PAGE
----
Your JavaScript is turned off or you have an old version of Adobe's Flash Player. Get the latest Flash player.
Turkey's Main Opposition Party Hopes for Election Breakthroughi
X
May 22, 2015 10:23 AM
Turkey’s main opposition Republican People’s Party has sought an image change ahead of the June 7 general election. The move comes after suffering successive defeats at the hands of the Islamist-rooted AK Party, which has portrayed it as hostile to religion. Dorian Jones reports from the western city of Izmir.
Video

Video Turkey's Main Opposition Party Hopes for Election Breakthrough

Turkey’s main opposition Republican People’s Party has sought an image change ahead of the June 7 general election. The move comes after suffering successive defeats at the hands of the Islamist-rooted AK Party, which has portrayed it as hostile to religion. Dorian Jones reports from the western city of Izmir.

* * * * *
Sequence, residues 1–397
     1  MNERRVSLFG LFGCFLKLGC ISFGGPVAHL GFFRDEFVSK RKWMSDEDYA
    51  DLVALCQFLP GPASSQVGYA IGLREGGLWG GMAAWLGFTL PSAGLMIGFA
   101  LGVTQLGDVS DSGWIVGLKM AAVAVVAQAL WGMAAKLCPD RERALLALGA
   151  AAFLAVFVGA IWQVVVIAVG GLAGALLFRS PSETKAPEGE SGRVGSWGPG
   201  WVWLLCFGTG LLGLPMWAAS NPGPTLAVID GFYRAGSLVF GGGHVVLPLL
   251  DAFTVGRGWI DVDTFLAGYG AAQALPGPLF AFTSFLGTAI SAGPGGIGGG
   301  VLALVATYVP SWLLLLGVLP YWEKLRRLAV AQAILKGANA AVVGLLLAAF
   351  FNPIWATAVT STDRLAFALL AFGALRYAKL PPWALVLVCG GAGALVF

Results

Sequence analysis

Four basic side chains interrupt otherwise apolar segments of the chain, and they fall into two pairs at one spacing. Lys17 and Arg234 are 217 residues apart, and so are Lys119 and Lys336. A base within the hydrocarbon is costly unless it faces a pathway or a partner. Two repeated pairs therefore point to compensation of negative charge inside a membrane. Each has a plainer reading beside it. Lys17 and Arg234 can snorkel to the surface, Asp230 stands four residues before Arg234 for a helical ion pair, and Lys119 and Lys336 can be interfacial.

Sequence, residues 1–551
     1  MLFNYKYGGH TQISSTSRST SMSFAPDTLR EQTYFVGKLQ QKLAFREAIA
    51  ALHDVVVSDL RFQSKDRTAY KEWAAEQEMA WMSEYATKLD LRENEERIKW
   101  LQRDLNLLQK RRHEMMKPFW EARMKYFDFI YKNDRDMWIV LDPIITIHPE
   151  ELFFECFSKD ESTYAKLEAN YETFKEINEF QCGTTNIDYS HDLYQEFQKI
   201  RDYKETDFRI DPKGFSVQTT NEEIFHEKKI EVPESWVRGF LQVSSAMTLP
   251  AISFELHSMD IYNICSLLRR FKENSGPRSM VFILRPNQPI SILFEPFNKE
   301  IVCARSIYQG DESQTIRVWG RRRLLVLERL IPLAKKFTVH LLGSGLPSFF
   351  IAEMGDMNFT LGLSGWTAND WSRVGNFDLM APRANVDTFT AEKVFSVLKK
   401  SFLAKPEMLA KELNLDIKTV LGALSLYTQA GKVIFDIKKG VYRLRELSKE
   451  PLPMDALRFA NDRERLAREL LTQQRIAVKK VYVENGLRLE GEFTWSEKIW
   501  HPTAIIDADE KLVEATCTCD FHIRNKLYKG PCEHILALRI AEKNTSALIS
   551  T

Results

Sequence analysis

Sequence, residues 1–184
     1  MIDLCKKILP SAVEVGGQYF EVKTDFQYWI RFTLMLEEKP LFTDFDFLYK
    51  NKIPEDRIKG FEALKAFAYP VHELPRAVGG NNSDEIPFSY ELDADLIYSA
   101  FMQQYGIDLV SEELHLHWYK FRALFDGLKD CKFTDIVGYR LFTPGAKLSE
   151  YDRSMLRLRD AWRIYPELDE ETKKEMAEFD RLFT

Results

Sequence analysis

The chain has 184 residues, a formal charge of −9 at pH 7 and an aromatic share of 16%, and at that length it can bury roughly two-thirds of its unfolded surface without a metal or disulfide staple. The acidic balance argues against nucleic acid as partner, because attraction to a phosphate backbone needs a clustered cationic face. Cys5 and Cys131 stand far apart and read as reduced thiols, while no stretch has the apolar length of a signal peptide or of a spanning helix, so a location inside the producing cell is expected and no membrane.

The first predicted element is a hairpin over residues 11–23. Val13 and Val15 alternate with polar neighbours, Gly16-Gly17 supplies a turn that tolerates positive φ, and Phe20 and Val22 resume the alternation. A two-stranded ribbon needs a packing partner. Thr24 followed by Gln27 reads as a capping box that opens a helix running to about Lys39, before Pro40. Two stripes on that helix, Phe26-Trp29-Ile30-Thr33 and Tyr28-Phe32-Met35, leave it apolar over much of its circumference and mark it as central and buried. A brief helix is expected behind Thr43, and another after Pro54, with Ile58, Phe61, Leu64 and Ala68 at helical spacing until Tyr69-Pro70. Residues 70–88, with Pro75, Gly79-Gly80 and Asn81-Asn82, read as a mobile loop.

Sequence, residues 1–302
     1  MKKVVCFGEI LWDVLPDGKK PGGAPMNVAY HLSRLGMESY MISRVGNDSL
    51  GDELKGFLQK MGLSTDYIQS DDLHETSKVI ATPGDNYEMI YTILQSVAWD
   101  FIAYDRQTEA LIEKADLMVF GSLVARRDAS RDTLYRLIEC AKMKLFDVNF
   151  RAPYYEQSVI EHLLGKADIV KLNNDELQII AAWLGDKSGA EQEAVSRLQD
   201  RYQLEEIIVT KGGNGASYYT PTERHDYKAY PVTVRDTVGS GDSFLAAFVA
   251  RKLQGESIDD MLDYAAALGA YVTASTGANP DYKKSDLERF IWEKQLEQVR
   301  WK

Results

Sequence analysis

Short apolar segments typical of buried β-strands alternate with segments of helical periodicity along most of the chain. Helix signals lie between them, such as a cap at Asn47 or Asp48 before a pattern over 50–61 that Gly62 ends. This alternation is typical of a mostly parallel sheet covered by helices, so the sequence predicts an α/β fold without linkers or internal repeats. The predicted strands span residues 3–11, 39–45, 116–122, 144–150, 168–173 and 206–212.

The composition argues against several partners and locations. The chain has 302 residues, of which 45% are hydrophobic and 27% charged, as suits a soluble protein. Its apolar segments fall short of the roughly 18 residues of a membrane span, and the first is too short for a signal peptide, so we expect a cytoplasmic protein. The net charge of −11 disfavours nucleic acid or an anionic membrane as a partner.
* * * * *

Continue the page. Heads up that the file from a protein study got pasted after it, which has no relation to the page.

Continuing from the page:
Video

Video Europe Follows US Lead in Tackling ‘Conflict Minerals’

Metals mined from conflict zones in places like the Democratic Republic of Congo are often sold by warlords to buy weapons. This week European lawmakers voted to force manufacturers to prove that their supply chains are not inadvertently fueling conflicts and human rights abuses. Henry Ridgwell reports from London.
Video

Video Class Tackles Questions of Race, Discrimination

Unrest in some U.S. cities is more than just a trending news item at Ladue Middle School in St. Louis, Missouri. As VOA’s Kane Farabaugh reports, it’s a focus of a multicultural studies class engaging students in wide-ranging discussions about racial tensions and police aggression.
Video

Video Mind-Controlled Prosthetics Are Getting Closer

Scientists and engineers are making substantial advances towards the ultimate goal in prosthetics – creation of limbs that can be controlled by the wearer’s mind. Thanks to sophisticated sensors capable of picking up the brain’s signals, an amputee in Iceland is literally bringing us one step closer to that goal. VOA’s George Putic reports.
Video

Video Afghan Economy Sinks As Foreign Troops Depart

As international troops prepare to leave Afghanistan, and many foreign aid groups follow, Afghans are grappling with how the exodus will affect the country's fragile economy. Ayesha Tanzeem reports from the Afghan capital, Kabul.